The Alliance of British Drivers (ABD) has been campaigning against the abuse of police waivers and the offer of speed awareness courses. The latest figures disclosed by NDORS show that the number of courses undertaken increased to a new record of 1.26 million in 2017. In other words, last year even more drivers were blackmailed into taking a course with the threat of a fine or points on their licence. This is despite the fact there is no hard evidence that such courses have any impact on driver behaviour (a Government commissioned study into their impact seems have been delayed in reporting for unexplained reasons).
The result of these high numbers attending courses is that the police are now receiving £57 million as their proportion of the fees charged on an annual basis. They and NDORS claim that this only covers administrative costs but that is simply not true (the evidence is available on our campaign web site at www.speed-awareness.org). The police are using these fees as a slush fund to finance whatever they want, including the provision of more cameras so that they can rake in even more money from motorists.
The ABD suggests this has nothing to do with road safety but is about generating money for the police to support their shrinking budgets and is of course actively promoted by those in the burgeoning speed camera and course education industry where enormous profits are being made.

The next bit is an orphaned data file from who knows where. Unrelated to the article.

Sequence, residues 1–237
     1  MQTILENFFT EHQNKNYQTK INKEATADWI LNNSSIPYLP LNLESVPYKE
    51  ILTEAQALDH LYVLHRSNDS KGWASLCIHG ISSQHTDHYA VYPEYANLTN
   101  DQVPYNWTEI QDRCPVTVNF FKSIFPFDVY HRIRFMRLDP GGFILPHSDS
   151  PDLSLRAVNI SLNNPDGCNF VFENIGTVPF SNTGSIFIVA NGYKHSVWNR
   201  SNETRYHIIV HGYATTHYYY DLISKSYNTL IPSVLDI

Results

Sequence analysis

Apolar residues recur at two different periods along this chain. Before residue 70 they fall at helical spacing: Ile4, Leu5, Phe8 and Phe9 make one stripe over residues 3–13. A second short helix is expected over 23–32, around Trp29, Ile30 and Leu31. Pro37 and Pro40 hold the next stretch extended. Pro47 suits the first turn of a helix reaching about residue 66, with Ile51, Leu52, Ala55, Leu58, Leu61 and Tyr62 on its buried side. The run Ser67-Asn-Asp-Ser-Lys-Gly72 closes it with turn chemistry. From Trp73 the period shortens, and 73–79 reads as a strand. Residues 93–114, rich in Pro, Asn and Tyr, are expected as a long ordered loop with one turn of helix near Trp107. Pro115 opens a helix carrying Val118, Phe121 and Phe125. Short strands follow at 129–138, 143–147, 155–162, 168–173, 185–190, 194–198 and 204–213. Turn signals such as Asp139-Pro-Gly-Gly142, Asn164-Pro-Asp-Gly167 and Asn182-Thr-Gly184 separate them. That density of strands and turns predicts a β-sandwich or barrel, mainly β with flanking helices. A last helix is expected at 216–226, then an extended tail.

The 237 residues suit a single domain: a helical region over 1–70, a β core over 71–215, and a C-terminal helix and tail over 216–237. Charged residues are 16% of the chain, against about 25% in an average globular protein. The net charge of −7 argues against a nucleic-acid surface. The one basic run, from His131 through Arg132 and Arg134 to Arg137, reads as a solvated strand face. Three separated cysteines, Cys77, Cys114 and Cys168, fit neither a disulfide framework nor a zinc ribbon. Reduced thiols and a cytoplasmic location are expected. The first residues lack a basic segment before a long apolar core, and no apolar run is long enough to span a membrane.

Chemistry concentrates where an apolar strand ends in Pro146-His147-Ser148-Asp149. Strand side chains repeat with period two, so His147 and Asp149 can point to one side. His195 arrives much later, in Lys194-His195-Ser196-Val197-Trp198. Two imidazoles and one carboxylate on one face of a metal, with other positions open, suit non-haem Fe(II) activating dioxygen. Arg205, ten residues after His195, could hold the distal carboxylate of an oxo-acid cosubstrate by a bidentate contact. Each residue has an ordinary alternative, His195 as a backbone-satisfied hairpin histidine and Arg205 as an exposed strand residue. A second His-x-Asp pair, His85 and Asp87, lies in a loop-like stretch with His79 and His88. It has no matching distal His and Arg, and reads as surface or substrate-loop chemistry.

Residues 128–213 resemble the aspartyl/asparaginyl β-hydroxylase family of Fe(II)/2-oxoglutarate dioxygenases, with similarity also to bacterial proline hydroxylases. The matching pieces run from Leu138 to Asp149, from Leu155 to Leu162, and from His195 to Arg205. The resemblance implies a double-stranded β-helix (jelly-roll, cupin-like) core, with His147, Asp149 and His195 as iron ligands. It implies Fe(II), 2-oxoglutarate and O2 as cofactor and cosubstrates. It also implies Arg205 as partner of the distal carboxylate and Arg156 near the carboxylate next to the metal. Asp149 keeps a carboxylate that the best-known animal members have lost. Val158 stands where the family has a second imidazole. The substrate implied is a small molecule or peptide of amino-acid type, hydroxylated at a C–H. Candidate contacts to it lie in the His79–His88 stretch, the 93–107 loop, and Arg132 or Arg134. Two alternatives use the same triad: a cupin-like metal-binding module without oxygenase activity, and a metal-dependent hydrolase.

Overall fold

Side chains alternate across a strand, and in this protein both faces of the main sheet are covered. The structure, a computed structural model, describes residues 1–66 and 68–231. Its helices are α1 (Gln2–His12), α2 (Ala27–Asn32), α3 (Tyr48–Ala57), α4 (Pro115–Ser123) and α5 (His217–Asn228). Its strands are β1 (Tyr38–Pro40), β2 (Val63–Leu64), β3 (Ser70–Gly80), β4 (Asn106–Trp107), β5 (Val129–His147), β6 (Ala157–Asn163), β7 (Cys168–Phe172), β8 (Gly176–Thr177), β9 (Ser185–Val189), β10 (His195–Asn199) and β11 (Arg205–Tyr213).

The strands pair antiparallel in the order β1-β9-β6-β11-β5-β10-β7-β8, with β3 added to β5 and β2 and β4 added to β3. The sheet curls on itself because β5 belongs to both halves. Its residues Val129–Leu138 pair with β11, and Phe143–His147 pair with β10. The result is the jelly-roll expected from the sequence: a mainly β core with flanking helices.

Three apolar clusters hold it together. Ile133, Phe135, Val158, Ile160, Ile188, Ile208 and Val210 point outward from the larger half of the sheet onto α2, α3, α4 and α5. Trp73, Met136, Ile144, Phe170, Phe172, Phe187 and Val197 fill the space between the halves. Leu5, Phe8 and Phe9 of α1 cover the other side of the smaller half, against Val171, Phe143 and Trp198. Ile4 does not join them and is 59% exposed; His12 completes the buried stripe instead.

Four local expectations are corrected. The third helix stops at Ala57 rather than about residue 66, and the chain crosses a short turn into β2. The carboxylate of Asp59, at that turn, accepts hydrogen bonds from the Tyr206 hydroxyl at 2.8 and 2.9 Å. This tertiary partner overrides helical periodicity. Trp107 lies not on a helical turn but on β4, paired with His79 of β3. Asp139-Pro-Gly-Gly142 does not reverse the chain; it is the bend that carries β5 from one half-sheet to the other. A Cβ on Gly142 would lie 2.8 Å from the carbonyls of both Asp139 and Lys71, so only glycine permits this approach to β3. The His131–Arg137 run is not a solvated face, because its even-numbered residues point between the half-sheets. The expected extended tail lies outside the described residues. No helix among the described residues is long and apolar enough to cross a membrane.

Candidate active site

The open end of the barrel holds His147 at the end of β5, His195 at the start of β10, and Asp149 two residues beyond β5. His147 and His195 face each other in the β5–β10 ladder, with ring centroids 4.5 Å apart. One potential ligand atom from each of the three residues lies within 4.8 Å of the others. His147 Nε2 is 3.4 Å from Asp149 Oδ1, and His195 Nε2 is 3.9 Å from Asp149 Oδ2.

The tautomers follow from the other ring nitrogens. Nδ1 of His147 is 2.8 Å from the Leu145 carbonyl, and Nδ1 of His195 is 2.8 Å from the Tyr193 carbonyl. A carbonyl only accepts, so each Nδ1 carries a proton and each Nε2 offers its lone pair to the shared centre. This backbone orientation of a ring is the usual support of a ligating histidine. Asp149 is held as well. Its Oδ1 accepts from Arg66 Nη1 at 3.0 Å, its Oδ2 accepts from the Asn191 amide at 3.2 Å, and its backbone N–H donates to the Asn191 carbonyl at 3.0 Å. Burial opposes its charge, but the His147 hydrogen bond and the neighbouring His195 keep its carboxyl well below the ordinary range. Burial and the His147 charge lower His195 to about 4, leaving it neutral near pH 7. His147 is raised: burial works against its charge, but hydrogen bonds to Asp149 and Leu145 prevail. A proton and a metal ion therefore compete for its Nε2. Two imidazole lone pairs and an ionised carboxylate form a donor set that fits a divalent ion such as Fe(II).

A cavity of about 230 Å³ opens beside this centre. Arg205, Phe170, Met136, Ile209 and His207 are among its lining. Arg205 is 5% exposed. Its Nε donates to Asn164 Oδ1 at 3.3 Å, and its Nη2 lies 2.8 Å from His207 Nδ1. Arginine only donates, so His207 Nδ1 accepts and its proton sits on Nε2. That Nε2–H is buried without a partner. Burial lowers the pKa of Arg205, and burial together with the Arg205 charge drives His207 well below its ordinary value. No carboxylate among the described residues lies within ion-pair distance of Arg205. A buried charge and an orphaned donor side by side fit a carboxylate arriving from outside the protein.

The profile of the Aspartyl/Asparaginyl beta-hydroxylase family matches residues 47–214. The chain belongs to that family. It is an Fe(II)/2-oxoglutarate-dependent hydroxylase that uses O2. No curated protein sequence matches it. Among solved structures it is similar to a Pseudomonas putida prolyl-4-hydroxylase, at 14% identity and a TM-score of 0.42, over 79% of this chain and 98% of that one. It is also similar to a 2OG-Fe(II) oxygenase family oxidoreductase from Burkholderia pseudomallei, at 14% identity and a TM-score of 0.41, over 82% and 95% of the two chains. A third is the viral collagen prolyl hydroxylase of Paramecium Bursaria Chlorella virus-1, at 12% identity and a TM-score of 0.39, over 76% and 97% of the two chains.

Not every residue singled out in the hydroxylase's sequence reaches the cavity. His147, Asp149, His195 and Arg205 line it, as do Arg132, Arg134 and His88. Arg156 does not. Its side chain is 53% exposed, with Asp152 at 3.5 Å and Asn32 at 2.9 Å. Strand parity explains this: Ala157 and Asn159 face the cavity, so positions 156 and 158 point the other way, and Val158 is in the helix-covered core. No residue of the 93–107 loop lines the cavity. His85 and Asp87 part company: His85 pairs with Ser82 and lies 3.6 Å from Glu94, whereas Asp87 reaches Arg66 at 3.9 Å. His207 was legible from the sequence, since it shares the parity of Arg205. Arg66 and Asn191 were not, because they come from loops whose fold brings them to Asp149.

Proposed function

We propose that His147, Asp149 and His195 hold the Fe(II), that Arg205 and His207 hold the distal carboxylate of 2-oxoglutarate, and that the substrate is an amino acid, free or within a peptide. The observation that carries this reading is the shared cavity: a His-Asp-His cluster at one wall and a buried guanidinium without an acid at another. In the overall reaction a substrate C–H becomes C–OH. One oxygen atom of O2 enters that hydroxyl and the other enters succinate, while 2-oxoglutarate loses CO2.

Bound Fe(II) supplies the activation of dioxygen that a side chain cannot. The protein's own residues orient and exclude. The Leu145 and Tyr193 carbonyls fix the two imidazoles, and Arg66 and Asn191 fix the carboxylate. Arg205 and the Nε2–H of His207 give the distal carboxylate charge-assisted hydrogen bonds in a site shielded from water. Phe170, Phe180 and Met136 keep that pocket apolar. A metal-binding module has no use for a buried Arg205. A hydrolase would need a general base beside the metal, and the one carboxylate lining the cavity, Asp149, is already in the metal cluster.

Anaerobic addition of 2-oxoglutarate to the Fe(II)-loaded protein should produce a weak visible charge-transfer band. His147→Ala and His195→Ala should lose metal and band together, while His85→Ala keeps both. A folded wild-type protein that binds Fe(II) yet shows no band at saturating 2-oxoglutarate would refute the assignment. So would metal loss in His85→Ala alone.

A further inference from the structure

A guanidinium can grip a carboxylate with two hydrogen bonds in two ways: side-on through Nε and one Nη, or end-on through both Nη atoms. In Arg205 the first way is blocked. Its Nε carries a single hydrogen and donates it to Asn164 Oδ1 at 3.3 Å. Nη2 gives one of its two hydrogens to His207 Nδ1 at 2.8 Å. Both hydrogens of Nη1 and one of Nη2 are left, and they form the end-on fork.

There is no evidence that this concentration on speed is having any impact on road safety – it cannot do so for reasons the ABD explained in a previous press release here: http://www.abd.org.uk/the-hidden-truth-behind-statistics-used-to-justify-speed-enforcement-priorities/
The ABD suggests that the Government should put a stop to this abuse of the criminal justice system forthwith. It is in essence a perversion of justice in the cause of police funding.
- The latest data on the number of courses is present on the NDORS web site here: https://ndors.org.uk/trends-stats/ (NDORS are the national scheme operators).
- The number of standard NSAC courses rose from 1,188,961 in 2016 to 1,195,356 in 2017.
- The number of NSAC 20 courses (for infringement of 20 mph speed limits), doubled from 17,139 to 34,471.
- The number of NMSAC courses (for infringement of motorway speed limits was 30,030. It was zero the previous year because this was a new course.
- More information on the background to this speed awareness industry and the profits it makes are present on the AMPOW (Against the Misuse of Police Waivers) web site here: http://www.speed-awareness.org/
- For more information please contact Roger Lawson, Campaign Director, on 020-8295-0378.
(Twitter: https://twitter.com/AmpowABD )
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Where does the money go, paid by speed awareness course attendees? It goes on speed cameras (and operating them) and on police motorcycles!